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JAGGED ALLIANCE has been a favourite Mercenary-based wargame for computer players since the heady days of 1995. It has always led the way in action and combat games and paved the way for classics such as Call of Duty™. The PC (by 'PC' I mean Personal Computer not Politically Correct) game has gone from strength to strength and has been through many visual changes whilst retaining its edgy gameplay and exciting adventures, never failing to ignite passion in it's thousands and thousands of players.

We are in the era of the computer game being turned into boardgame with many of them bringing in new players for the electronic version, though not all of the boardgames has managed to bring to the table what can be found on the screen. This boardgame, from THQNORDIC/UNDERGROUND Games, is for 1-4 players aged 12 upwards and sessions can take as long as you like because like all good computer games there is a 'save game' ability - in this case a special, large envelope marked 'Save Game' and with the obligatory 'Top Secret' red ink stamp. It is attention to detail like this that always makes me want to delve more into a game.


One of the difficulties in making a boardgame from a computer game are the rules. The electronic version is easy; you download then install, go through the opening video as the program loads and then select a character, modify it, and jump right in - the mission being introduced to you just before the screen changes and there you and your unit are, all tooled up and ready to rock n roll.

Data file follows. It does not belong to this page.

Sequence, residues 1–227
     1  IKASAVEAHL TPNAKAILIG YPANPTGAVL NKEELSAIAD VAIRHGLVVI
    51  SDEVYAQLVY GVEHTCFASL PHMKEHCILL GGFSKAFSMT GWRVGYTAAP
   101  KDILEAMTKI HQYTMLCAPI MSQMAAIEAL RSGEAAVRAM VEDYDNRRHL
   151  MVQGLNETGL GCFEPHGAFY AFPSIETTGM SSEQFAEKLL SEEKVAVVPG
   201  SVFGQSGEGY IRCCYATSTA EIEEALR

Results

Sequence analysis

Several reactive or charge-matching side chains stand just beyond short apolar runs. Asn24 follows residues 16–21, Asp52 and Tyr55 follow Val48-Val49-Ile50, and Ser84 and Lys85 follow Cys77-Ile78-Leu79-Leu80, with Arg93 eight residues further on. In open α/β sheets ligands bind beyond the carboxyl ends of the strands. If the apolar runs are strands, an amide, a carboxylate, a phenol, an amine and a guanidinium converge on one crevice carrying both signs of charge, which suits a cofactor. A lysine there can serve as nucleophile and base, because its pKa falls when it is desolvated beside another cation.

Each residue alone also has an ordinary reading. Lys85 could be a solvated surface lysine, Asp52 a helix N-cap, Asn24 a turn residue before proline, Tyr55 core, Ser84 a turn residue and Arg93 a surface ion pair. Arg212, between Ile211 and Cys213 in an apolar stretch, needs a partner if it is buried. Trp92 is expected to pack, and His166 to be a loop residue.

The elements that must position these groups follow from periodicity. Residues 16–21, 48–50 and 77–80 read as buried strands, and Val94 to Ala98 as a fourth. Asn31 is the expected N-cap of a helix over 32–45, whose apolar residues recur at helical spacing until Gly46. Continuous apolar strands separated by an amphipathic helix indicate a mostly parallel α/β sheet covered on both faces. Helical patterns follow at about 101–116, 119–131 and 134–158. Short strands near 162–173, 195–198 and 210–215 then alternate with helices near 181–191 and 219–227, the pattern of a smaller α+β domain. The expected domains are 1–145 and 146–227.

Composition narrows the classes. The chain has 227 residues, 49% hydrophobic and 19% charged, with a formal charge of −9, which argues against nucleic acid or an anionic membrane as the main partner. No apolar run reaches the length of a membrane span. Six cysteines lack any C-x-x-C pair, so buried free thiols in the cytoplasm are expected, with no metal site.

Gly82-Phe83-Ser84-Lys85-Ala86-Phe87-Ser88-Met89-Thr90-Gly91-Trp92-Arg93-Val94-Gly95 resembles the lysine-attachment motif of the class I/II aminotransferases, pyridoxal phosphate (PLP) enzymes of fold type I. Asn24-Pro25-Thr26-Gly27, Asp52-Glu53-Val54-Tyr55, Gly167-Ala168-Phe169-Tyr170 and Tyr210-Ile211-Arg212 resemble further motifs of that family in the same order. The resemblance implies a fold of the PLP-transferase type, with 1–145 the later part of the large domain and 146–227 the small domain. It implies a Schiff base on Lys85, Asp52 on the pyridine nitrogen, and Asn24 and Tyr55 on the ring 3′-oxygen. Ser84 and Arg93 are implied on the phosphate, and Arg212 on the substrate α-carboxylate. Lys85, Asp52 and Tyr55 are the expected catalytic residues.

With the boardgame you can dodge the character creation by having a baker's dozen of character boards with all manner of skills and abilities, signifying the modification you can make online, and the visual terrain can be created via the 34 (17 double-sided) tiles that sit together to form the map segments to explore. The enemy that would be effortlessly controlled by the computer A.I. is now controlled by various game mechanics including the current Dictator, the current Threat Level, Counter-Attacks, Event Cards and Dice results; plus 40 pages of rules (first 27 pages for the 'Starter' rules).


As you would expect from a game that had nearly 1000 pledges for a successful Kickstarter campaign, there are loads of  quality components:
6 unique Grey plastic Mercenary miniatures. Note: On the Kickstarter page these minis are in different colours.
16 Enemy miniatures including one Tank, 3 Bloodcats (Beasts), 3 Snipers, 3 Shields and 6 basic Redshirts, all in Red plastic.
10 different coloured stretch bases that fit on the figures round base (no requirement for the Tank's base). Four of these; White, Blue, Brown and Green, are for the player's characters. The 6 Yellow bands are to show when the enemy are 'elite' units
There are dozens of Counters and Tokens (120) and about twice as many Cards (over 250),  most of which have one, two or three Vs (as in Ranks), the others bein A.I.M. cards, Events, 'Larry Behaviour', Spawn and Lieutenant cards.
13 Dice of different colours. Yellow (4), Orange (3), Red (2) and Blue (4).
The aforementioned 17 Sector Tiles.
Wooden Cubes, Red and Black.
Rules Book. Mission Book. Top Secret Envelope.